Table of Contents
Next Page===>The causes of TMJ
TMD effects women more than it does men. This is due partly to the differences in bone and muscle densities between the two sexes, and partly to differences in psychological outlook and world view. Studies show that women are more responsive to emotional imagery and have a greater cardiovascular response to stress than men.
In addition hormones have an enormous influence on pain modulation. All things combined, women are more likely than men to brux (clench and grind their teeth) and the bruxing is more likely to cause pain and dysfunction.
TMD is NOT forever! Like most natural phenomena, the occurrence of serious TMD happens along a “bell shaped curve” with the vast majority of the sufferers falling between the ages of 25 to 45. This implies that it is associated with psychological and physiological variables which change throughout life. As a patient ages past the critical age of 45, these variables tend to change and interact in such a way that the problem lessens and eventually vanishes, even without any treatment at all. TMD does occur in younger or older patients, but with decreasing frequency as age decreases or increases from the mean age of 35.
In a normal relaxed state, the lower jaw, affected by gravity, tends to drop into eccentric positions away from the position in which the upper and lower teeth would normally come together. This is especially true in persons who tend to hold their heads so that their jaw line is not parallel to the floor (perpendicular to the force of gravity). Normally, this causes no problems, however persons who grind or clench their teeth may grind in these unusual positions. This places unequal and eccentric pressures on their face, head and neck muscles as well as the TM Joints. Think of the receptionist who keeps her computer monitor to her left (so as not to block the view of a client standing in front of her), her keyboard in the pullout drawer under the desk in front of her, and who talks on the phone keeping the receiver tucked between her right shoulder and her right ear. Try that position yourself for a few minutes and see how your neck and head feel.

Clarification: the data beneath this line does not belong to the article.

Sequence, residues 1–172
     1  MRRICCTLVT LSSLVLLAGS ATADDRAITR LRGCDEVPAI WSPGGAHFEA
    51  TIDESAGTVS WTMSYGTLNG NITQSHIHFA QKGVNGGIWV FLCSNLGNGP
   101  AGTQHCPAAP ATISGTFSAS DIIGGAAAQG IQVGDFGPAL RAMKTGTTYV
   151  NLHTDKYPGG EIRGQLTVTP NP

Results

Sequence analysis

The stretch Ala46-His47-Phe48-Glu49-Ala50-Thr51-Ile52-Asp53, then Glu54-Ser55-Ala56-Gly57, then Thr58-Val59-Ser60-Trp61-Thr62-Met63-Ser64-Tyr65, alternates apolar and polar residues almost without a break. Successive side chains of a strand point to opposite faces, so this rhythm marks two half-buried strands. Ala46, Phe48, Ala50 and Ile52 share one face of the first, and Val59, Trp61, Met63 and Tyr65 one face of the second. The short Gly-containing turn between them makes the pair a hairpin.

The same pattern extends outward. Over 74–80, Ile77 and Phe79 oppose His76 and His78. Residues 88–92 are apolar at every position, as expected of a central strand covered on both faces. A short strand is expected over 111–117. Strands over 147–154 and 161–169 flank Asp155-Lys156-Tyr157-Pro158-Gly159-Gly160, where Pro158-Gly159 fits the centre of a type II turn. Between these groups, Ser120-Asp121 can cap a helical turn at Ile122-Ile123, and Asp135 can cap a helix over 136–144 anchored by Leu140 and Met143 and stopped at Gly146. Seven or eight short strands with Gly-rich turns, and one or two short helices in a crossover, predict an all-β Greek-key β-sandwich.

In most people, the upper and lower teeth naturally line up so that when they come together, the TM Joints are sitting normally in their sockets. Whenever something disturbs the way they come together, say a new filling or a lost tooth, this can effect the relative positions of the two TM Joints. Grinding or clenching in these eccentric positions can cause muscle splinting (cramping) and joint problems. There is a complex, dynamic balance between the way that the teeth come together, the muscles that work the jaws, the TM Joints, and their relationship to the posture of the head and neck. A change in any part of the system effects all others and changes the balance. (For more on this subject, Click on the icon on the right to see my page on occlusion. Read about my patient, Popeye here.)
Many people do not sleep well due to several physiologic factors (see my section on snoring and sleep apnea). Nighttime muscle hyperactivity can lead to nighttime bruxing (grinding and clenching) and thus to morning headaches, neck aches, earaches and tooth sensitivity. There is some disagreement about whether nighttime bruxing is a problem associated with sleep apnea, or whether it is a sleep disorder in its own right.
Stress is an ever present problem in our society and is a prime reason why people unconsciously grind and clench their teeth. The next section explains why bruxing (grinding and clenching) causes so many problems and is the root cause of TMD.